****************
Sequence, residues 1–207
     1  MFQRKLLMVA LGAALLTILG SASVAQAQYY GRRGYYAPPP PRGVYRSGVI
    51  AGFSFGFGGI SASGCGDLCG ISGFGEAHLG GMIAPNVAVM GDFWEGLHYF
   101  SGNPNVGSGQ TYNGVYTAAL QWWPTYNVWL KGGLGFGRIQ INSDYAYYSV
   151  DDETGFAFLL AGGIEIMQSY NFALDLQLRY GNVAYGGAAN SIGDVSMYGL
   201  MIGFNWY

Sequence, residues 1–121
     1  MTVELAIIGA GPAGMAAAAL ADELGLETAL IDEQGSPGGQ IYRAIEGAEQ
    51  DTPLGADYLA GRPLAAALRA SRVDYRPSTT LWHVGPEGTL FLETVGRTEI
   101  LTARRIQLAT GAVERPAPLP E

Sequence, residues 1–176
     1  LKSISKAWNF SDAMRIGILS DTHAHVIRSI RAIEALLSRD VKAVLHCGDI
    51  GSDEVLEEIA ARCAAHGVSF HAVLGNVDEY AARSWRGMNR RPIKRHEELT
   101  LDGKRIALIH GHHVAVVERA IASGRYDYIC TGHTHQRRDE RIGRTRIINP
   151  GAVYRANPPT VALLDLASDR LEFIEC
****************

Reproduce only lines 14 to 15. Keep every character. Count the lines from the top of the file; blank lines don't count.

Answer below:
   101  LDGKRIALIH GHHVAVVERA IASGRYDYIC TGHTHQRRDE RIGRTRIINP
   151  GAVYRANPPT VALLDLASDR LEFIEC